It’s not about the fat cats. But for many ordinary people, the idea that the fat cats would benefit was repugnant. (Initially at least. Rasmussen reported today that “Opposition to bailout plan falls dramatically”.) And there being an election in a couple of months, some congresspersons put saving their ass before saving their country.

Hell, who do you think finds the idea of giving money to the rich most objectionable? The liberals, or the people who skew tax-cuts to the super-rich?

Okay, there were the Republican Study Committee conservatives who came up with the idea of insuring the toxic debts (mortgage-backed securities not already insured) and somehow magicking away the cost. The proposal was a one-pager.

At the end of the day, any banking system collapse requires recapitalisation to avoid credit drying up and economic disaster, as the IMF’s study of 124 banking crises and responses shows.

I personally don’t think that buying toxic assets is the best solution, but then, what do you expect from Bush? There are other models, and the best outcome would be for the US legislators to consider some of the others. But quick. And without the spoiler interfering again.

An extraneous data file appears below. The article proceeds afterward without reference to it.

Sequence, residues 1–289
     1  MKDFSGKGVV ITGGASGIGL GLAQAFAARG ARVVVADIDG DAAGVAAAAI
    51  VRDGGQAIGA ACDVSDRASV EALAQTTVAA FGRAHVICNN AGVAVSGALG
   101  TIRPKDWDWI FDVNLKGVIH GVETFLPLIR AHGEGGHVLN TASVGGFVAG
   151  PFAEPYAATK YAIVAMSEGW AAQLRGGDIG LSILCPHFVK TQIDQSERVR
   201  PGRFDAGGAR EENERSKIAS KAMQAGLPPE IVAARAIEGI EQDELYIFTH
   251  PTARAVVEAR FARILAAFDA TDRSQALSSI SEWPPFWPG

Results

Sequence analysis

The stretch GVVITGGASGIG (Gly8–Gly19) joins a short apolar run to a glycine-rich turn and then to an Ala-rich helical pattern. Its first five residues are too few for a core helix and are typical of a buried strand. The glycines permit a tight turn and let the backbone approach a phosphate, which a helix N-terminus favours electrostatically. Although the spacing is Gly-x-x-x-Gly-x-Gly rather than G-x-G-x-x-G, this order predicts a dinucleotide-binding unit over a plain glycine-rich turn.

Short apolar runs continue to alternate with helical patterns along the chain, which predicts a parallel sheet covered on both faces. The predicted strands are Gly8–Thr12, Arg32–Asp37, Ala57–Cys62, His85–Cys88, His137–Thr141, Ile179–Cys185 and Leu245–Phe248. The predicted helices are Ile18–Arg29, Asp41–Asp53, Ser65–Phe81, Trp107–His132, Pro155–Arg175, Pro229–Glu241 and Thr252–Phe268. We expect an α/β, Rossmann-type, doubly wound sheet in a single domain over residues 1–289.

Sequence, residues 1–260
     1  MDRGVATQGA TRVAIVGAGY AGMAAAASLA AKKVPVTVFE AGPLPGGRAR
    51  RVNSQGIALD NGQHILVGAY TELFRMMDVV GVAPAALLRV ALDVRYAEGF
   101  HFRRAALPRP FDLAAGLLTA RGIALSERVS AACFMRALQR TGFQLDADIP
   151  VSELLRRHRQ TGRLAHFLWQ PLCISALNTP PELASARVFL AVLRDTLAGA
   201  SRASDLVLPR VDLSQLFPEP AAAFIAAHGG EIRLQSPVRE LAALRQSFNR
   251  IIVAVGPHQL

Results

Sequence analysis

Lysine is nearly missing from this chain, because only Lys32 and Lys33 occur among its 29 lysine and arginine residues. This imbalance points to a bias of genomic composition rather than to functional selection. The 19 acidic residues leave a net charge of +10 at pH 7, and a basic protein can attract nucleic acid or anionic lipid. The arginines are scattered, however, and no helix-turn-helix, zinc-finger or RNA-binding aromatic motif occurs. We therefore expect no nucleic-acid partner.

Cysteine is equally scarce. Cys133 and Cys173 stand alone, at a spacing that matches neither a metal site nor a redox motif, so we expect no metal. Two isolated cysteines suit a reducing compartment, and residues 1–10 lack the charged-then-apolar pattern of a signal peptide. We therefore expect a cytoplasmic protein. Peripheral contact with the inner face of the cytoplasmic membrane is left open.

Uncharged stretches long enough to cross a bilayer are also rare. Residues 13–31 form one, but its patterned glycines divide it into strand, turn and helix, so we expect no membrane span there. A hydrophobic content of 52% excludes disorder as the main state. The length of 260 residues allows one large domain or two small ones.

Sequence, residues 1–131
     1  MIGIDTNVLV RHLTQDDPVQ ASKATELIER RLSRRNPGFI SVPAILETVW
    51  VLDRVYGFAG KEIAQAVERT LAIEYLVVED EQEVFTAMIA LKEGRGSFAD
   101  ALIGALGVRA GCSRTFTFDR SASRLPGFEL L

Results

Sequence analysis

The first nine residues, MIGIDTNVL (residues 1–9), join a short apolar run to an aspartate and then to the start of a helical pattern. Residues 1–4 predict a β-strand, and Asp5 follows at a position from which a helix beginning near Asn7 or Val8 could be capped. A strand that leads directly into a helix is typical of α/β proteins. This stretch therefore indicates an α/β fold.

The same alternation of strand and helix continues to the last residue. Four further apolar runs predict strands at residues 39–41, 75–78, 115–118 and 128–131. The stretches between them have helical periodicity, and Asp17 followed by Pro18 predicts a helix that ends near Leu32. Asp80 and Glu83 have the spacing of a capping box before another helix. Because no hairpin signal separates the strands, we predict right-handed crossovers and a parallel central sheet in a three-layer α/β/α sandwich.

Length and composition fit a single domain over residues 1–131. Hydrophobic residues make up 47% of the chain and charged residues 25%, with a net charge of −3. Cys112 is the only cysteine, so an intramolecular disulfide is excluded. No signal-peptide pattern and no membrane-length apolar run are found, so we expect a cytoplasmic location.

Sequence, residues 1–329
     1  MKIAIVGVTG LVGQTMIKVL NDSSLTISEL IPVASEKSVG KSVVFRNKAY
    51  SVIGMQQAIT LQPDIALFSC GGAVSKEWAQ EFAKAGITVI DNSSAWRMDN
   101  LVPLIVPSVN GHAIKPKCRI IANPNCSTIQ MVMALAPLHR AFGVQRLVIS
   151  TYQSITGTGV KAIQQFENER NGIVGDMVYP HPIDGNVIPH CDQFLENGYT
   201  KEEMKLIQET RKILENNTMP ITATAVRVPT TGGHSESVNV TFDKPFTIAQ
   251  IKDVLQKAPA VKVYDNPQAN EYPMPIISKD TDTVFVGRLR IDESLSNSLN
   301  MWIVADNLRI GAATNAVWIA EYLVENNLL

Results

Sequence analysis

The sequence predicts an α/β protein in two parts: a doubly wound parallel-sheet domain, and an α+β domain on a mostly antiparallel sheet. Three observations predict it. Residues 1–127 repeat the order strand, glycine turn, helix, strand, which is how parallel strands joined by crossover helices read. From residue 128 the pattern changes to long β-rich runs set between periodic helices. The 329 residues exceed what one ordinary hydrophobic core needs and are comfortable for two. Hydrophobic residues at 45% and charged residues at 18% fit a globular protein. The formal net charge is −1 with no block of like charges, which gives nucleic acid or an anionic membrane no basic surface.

Looking Presidential

September 30, 2008


Sen. Barack Obama expressed confidence Monday that lawmakers would come through with a financial rescue package… [telling] voters at a campaign event in Denver, Colorado, that it’s important to “stay calm, because things are never smooth in Congress.””

Not Presidential

“McCain’s campaign accused Democrats of injecting politics into the American economy… “Barack Obama failed to lead, phoned it in, attacked John McCain and refused to even say if he supported the final bill. … This bill failed because Barack Obama and the Democrats put politics ahead of country.””

Note that McCain also “phoned it in”, tried to take credit for the congressional deal before it passed failed — such a maverick! –, refused to “even say if he supported the final bill”, and failed miserably as a leader, being unable to convince his own people to support their own President’s proposal.

Update: only hours after trying to pin the blame on Obama for his own side failing to support the bailout deal that he was supposed to have fixed, McCain says:

“Now is not the time to fix the blame, it’s time to fix the problem.

Oh, that’s so presidential.